• According to the 6th edition of the latest international Intellectual Property (IP) index released by the US Chambers of Commerce’s  Global Innovation Policy Center’s (GIPC’s), India ranks 44th out of 50 countries wherein India’s overall score has increased substantially from 25% (8.7 out of 35) in 2017 to 30% (12.03 out of 40) in 2018.
  • In 2017, India ranked 43rd out of 45 countries in the index, with an overall score of 8.7 point.
  • USA topped the list with a score of 37.98 points, followed by United Kingdom (UK) and Sweden with scores of 37.97 and 37.03 respectively.
  • The report analyses the intellectual property (IP) climate in 50 world economies based on 40 unique indicators that benchmark activity critical to innovation development surrounding patent, trademark, copyright, and trade secrets protection.
  • The report mentions that India has broken free of the bottom ten percent of economies measured, and its score represents the largest percentage improvement of any country measured for the first time.

Key Areas of Strength

  • India’s performance on the Index finely captures the Government of India’s incremental, consistent initiatives over time to improve the country’s IP ecosystem, guided by the vision of the 2016 National IP Rights Policy:
  • Accession to WIPO Internet Treaties shows India’s recognition of international standards of copyright protection.
  • New pilot PPH program with the JPO is a positive step.
  • Generous R&D and IP-based incentives.
  • Global leader in targeted administrative incentives for the creation and use of IP assets for SMEs
  • Strong awareness raising efforts on the negative impact of piracy and counterfeiting.

The government’s pro-IP policies, have the potential to transform the government’s programmes such as ‘Accelerating Growth for New India Innovations,’ ‘Startup India’, and ‘Digital India’ to economic reality.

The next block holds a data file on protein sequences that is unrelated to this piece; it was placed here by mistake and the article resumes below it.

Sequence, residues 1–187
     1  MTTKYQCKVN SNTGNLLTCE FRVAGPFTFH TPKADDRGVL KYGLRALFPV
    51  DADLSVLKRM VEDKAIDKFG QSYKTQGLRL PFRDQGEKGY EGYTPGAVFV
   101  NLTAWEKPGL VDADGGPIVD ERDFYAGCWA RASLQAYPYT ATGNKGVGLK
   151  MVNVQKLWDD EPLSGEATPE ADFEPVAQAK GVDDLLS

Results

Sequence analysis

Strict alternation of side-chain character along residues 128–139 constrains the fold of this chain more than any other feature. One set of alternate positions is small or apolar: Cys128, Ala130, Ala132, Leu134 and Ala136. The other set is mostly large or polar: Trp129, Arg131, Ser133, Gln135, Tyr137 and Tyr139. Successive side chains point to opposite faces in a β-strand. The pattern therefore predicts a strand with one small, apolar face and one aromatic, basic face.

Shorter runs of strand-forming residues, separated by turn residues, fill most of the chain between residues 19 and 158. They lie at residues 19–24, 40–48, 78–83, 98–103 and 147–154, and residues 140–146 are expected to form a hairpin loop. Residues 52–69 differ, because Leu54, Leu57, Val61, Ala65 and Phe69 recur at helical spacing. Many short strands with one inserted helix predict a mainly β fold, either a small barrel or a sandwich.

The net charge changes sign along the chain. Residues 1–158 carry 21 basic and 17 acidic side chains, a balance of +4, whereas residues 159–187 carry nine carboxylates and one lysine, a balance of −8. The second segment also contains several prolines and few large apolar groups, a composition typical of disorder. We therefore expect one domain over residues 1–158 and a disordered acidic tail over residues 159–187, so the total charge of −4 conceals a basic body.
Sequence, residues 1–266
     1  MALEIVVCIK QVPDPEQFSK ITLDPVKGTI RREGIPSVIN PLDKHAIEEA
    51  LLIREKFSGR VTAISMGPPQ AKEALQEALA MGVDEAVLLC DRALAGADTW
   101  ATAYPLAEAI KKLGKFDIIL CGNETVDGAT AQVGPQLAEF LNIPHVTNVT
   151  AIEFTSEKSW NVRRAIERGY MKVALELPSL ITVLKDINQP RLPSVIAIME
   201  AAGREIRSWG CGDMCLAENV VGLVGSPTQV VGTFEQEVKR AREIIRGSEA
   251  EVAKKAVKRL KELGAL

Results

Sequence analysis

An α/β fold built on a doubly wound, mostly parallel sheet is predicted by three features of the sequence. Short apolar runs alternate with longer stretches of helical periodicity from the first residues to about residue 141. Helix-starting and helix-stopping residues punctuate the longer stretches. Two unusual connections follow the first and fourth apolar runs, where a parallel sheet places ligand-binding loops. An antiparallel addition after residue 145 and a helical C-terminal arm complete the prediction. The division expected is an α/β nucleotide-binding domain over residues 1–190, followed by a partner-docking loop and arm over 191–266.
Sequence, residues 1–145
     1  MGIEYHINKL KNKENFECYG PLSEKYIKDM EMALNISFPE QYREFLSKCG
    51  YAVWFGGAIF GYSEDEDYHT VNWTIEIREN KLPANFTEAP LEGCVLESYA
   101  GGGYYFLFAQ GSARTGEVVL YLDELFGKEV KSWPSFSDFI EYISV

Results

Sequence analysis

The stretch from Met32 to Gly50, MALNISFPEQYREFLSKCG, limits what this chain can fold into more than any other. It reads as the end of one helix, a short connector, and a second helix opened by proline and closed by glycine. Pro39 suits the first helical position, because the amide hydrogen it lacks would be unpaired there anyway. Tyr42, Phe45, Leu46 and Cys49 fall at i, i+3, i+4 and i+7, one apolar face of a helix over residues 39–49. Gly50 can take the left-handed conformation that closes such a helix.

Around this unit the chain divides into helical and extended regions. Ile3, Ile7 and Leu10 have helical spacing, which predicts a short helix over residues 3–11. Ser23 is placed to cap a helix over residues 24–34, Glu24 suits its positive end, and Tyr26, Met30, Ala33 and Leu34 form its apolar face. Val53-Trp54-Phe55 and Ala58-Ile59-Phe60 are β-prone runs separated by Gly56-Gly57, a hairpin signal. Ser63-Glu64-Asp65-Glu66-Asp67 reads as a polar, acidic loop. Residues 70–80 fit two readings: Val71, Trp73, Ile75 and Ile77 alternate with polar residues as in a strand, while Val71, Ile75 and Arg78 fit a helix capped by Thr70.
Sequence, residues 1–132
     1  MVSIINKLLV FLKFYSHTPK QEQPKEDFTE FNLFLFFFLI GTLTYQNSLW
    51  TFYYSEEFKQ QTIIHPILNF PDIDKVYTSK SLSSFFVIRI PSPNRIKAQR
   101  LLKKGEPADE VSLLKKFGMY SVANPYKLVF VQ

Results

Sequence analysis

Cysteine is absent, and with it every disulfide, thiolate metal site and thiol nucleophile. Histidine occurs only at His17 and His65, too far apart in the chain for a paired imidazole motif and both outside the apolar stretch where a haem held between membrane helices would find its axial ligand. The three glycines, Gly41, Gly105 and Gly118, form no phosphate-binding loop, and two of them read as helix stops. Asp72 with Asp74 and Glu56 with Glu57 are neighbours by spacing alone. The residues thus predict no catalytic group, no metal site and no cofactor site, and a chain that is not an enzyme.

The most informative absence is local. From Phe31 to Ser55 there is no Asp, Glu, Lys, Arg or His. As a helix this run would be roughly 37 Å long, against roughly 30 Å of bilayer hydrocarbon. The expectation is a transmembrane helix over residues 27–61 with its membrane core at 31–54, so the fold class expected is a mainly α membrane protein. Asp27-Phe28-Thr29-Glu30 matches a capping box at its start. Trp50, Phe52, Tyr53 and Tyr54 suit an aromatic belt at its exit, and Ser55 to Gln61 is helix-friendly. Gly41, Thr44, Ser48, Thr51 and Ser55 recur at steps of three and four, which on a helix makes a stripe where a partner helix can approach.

Key Areas of Weakness

  • Despite India’s improved show there are still substantial challenges regarding the country’s patenting and IP enforcement environment:
  • Barriers to licensing and technology transfer, including strict registration requirements.
  • Limited framework for the protection of biopharmaceuticals IP rights.
  • Patentability requirements outside international standards.
  • No RDP available or patent term restoration for biopharmaceuticals.
  • Lengthy pre-grant opposition proceedings.

Illegal Mining

Illegal Mining image

  • Mining is considered illegal when it is done without a license or outside the licensed area and when more than the permissible amount is extracted.
  • In August 2017, Supreme Court in the light of rampant illegal mining, the Supreme Court directed the Centre to revise the National Mineral Policy by December 2017.
  • India is one of the world’s largest producers and exporters of mica, coal, iron ore, bauxite and manganese. It has long been grappling with illegal mining, primarily in Karnataka, Goa, Haryana, Rajasthan and Odisha, ever since it opened up mining to private companies in the 1990s.
  • From soil erosion and groundwater contamination to loss of forest cover and biodiversity, unbridled mining plays havoc with an ecosystem.
  • Maharashtra tops the list of states, registering highest number of illegal mining cases from 2009-10 to 2016-17.